Amphitheater Clean-Up Event

On Friday, November 19th, 2010, the Historic Preservation department hosted an Amphitheater clean-up event. Students across the academic spectrum gathered at the amphitheater behind Trinkle and Mason hall Friday afternoon and, for approximately three hours, helped faculty remove trash, leaves and debris from the seating and stage area. According to the UMW website, the amphitheater was first opened by the University 87 years ago, in 1923. Since its creation, it has been used extensively for graduation commencement exercises, drama rehearsals, Eagle Pipe Band practice, impromptu class meetings and social events. Because maintenance and custodial staff are not required by the University to tend to the Amphitheater, it has fallen into disarray and obscurity over the past several years. Recently, an accident involving the collapse one of the columns and the injury of a non-university resident has brought the amphitheater back into the spotlight. The University is currently debating … [Read more...]

The National Trust Conference in Austin, TX


In late October the University of Mary Washington, in partnership with the Center for Historic Preservation, sent five undergraduate students to Austin, Texas to attend the 2010 National Trust for Historic Preservation Conference. The students travelled to and from the Texas state capitol, each returning with a different take on the preservation networks and tools they discovered and equally diverse observations on the city of Austin. Linked below are the five students’ observations as well as photos of the trip. Read on for student perspectives on the efficaciousness of the 2010 National Trust Conference. Jordan Brothers Cameron Henry Kathy Jones Emily Morton Chris Young … [Read more...]

Julia Costello Lecture


Dr. Julia Costello, co-author of the 2010 Historic Preservation Book Prize winner The California Missions, gave a talk on her book November 3rd. Dr. Costello introduced her talk by mentioning her late collaborator, Edna E. Kimbro, and the work she did on the book before her death in 2005.  The California Missions was originally intended to be a text on conservation, but evolved with the help of Dr. Costello into a history of the 21 Mission settlements in California. Dr. Costello gave an affecting history of the Missions, discussing their development and daily life. The Spanish settled California in the late eighteenth century and built sprawling ranchos to house and convert the Native Peoples of the area. The missions were self-sufficient and were generally four separate buildings formed into a rectangle with a courtyard in the middle. Under a score of Europeans inhabited these missions, but over 1,200 Native Americans lived in and around each mission settlement. The agreement was … [Read more...]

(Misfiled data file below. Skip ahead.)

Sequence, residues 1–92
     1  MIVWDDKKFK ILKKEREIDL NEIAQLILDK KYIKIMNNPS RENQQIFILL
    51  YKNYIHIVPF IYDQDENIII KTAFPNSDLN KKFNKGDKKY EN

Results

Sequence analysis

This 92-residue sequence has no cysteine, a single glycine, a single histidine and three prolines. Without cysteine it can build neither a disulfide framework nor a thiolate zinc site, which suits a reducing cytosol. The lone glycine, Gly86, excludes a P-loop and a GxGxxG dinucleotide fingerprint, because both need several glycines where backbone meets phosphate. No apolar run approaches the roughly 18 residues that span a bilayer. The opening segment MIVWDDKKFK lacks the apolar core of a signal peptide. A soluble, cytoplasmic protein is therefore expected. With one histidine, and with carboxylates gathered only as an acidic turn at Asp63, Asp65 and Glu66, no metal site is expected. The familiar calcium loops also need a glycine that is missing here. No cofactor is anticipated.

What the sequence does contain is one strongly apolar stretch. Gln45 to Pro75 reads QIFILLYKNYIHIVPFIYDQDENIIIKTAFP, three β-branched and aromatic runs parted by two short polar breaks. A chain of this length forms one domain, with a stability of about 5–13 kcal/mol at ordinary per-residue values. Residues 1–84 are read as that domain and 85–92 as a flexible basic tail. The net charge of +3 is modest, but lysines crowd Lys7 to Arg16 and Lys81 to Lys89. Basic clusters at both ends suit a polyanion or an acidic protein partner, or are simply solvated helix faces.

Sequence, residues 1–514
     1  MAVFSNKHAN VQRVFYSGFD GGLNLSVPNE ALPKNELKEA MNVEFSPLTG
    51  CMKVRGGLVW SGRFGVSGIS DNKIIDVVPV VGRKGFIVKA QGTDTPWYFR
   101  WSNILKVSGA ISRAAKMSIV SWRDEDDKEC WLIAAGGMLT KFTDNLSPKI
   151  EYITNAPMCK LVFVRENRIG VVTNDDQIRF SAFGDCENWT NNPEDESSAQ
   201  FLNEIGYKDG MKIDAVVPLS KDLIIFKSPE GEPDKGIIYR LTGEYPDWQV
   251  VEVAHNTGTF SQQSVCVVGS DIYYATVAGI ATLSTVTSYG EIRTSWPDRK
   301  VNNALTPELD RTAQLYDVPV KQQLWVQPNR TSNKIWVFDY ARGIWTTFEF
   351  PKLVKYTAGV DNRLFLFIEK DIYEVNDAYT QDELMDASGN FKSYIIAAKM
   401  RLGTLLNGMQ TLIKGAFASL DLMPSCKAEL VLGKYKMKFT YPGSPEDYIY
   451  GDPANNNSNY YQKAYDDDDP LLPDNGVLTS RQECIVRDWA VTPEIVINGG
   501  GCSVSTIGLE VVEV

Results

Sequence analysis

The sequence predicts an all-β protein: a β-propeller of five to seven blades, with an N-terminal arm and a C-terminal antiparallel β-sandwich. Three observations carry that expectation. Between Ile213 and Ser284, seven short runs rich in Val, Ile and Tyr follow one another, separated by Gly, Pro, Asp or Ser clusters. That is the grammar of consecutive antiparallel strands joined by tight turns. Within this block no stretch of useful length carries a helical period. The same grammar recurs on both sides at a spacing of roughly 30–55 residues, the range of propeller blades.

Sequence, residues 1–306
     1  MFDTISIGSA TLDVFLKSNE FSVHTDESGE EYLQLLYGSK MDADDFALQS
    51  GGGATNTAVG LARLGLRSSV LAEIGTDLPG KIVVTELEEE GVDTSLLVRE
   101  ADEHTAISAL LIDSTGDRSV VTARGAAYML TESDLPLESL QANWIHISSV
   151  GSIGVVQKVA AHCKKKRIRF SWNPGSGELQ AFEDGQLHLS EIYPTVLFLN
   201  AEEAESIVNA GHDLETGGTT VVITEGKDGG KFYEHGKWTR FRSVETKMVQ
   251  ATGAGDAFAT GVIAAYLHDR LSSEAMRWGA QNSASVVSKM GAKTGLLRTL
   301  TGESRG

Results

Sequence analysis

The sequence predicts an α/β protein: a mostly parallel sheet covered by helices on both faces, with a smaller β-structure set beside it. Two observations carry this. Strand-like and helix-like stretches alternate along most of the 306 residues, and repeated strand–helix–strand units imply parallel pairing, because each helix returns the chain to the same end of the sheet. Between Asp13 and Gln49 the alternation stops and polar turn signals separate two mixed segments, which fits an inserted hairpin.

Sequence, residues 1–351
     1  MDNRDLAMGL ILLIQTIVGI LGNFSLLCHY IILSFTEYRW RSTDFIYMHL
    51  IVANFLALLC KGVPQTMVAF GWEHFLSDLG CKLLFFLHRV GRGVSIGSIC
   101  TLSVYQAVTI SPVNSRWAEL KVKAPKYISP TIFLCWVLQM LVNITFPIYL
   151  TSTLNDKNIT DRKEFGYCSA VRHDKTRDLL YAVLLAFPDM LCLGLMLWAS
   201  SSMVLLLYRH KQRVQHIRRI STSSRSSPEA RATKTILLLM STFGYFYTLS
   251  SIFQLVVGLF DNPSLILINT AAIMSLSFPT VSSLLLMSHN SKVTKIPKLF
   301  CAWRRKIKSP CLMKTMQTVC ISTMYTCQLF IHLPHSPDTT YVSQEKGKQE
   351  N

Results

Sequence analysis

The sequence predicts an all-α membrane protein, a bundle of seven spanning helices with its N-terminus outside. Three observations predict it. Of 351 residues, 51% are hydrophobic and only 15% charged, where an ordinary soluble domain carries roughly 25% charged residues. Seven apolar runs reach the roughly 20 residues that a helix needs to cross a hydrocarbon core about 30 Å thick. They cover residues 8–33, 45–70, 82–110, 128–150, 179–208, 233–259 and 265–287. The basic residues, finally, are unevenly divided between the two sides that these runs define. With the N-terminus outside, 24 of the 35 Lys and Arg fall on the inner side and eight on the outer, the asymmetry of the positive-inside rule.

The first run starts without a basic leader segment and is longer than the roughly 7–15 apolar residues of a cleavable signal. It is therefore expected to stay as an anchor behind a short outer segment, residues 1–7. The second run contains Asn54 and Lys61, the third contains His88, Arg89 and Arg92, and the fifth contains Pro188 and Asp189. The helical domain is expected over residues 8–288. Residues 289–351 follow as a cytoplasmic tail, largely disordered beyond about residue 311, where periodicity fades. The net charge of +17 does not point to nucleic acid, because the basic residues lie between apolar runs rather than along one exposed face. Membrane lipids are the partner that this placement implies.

Graduate Program Talk

Interested in attending graduate school? Would you like to major in Public History? Representatives from West Virginia University will be making a presentation on their Public History graduate program Thursday October 28! Even if you are not interested in public history, you are still more than welcome to attend. They will be answering questions about the general issues regarding graduate school as well, such as the GRE’s, applications, etc. Refreshments will be provided. When: Thursday, October 28 at 5 PM Where: Combs 25 (basement seminar room) … [Read more...]